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Five Questions With...

Five Questions with Frans Nielsen

Forward discusses Team Europe's run at World Cup, joining Red Wings after tournament

by Dan Rosen @drosennhl / NHL.com Senior Writer

NHL.com's Q&A feature called "Five Questions With …" runs every Tuesday. We talk to key figures in the game and ask them questions to gain insight into their lives, careers and the latest news.

The latest edition features Team Europe and Detroit Red Wings forward Frans Nielsen:

TORONTO -- Frans Nielsen used five words to encompass the way every Team Europe player feels going into the best-of-3 final against Team Canada in the World Cup of Hockey 2016.

"We're here," Nielsen said, "why not us?"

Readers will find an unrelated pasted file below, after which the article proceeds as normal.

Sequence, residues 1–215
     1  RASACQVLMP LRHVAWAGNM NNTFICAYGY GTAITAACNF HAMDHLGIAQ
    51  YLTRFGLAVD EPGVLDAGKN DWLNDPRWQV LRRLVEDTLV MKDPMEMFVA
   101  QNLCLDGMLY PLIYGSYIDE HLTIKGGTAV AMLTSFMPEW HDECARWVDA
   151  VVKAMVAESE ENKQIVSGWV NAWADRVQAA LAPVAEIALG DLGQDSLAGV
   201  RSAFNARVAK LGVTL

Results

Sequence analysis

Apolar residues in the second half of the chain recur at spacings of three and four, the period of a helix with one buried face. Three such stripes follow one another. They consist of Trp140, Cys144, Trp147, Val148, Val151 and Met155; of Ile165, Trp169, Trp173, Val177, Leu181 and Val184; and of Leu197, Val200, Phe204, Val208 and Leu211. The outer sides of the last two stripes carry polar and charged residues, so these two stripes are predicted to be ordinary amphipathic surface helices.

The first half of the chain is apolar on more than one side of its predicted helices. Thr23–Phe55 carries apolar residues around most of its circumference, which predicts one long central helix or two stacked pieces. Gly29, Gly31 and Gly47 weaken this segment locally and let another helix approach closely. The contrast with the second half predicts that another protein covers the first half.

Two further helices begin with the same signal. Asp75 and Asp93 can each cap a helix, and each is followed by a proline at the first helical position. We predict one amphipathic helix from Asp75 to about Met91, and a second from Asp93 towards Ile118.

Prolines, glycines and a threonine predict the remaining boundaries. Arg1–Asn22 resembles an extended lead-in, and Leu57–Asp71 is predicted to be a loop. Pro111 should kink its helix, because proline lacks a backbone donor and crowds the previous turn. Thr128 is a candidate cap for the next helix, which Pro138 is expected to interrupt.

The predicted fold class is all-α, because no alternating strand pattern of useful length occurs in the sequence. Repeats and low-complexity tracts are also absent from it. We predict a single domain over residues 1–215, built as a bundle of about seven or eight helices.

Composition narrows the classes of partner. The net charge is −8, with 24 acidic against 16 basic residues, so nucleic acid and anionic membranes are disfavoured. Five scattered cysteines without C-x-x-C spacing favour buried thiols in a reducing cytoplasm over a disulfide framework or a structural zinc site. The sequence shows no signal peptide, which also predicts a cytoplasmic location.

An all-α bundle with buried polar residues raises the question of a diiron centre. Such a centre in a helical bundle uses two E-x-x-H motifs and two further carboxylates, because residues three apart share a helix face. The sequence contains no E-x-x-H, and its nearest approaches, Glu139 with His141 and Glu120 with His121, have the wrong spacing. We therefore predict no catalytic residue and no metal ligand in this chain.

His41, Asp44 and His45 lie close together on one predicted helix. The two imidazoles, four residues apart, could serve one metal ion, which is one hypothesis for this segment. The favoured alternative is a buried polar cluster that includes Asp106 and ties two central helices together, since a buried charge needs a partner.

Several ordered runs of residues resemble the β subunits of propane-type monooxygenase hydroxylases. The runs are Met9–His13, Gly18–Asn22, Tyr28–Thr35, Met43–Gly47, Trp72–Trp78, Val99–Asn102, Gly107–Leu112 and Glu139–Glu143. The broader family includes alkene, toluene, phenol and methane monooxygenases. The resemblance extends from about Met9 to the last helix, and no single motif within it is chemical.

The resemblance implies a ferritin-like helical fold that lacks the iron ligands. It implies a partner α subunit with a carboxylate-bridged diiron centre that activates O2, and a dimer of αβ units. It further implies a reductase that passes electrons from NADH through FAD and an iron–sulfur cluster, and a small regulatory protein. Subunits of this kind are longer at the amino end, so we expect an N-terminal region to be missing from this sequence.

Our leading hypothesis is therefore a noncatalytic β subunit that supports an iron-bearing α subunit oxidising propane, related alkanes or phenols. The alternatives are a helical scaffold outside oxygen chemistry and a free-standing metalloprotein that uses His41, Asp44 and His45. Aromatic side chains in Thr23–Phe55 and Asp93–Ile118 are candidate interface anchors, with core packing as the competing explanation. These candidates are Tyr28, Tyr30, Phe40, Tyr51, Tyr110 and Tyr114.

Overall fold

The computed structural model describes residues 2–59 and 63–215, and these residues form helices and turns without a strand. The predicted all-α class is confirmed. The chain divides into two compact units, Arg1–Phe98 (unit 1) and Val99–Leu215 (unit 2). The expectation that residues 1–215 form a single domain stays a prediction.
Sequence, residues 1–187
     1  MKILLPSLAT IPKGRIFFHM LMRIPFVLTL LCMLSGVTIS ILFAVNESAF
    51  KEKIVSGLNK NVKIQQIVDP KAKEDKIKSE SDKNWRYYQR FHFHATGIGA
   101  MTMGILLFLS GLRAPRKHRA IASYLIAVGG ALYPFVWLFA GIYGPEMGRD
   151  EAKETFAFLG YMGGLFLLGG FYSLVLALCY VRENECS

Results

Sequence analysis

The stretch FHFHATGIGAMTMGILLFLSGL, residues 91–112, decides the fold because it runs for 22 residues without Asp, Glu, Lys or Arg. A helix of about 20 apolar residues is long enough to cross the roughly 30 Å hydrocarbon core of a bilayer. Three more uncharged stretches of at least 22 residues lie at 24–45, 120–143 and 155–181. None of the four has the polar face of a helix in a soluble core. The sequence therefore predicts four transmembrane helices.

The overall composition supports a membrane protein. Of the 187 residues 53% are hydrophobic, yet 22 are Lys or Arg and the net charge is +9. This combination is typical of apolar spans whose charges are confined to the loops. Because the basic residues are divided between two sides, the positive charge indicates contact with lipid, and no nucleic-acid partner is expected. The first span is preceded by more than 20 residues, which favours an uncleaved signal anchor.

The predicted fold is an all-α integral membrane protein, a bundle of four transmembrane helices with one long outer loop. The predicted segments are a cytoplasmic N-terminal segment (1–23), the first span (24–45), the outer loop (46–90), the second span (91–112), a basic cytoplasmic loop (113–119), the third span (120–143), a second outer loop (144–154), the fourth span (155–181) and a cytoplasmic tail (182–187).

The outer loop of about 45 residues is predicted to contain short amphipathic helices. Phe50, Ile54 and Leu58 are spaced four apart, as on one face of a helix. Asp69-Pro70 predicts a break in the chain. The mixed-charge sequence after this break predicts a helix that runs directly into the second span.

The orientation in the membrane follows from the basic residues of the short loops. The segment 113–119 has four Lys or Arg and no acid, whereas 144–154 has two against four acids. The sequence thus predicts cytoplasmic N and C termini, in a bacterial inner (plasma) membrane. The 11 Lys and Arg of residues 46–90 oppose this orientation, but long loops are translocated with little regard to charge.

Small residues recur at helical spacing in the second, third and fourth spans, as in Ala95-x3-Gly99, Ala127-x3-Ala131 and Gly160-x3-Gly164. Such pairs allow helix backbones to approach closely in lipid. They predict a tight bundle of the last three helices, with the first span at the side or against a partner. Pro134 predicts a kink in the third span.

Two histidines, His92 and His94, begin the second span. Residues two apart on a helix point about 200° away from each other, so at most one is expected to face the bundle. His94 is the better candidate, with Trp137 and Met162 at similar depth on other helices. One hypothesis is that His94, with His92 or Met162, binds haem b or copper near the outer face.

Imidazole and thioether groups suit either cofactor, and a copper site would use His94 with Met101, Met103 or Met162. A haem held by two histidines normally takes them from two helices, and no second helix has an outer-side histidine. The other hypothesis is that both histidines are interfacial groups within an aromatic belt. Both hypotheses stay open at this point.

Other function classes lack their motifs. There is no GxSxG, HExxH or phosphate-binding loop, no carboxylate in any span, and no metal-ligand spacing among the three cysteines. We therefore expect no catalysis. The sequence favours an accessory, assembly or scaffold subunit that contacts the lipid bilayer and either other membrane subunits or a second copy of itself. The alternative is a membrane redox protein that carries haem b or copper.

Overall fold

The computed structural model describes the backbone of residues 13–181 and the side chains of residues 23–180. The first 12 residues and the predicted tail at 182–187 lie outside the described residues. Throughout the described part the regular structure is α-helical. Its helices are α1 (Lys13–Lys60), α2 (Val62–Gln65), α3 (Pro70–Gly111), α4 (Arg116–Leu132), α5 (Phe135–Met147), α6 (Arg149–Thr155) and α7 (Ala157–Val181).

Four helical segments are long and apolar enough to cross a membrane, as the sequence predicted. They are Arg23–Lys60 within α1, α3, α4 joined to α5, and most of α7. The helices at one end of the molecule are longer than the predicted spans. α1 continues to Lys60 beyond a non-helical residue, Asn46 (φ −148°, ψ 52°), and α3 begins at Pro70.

There are many reasons why Team Europe won't defeat Team Canada twice in three games, starting with Game 1 at Air Canada Centre on Tuesday (8 p.m. ET; ESPN, CBC, TVA Sports).

Nielsen and his teammates don't believe in a single one of them.

"We believe," Nielsen said. "I think we have a shot at it."

Nielsen, who is one of three players representing Denmark at the World Cup, spoke about Team Europe's chances, why the tournament means so much to him, and much more in an exclusive Q&A with NHL.com following practice Monday.

Here are Five Questions with… Frans Nielsen:

Denmark has never finished better than eighth in the World Championship and has never played in the Olympics. Is this tournament your Olympics?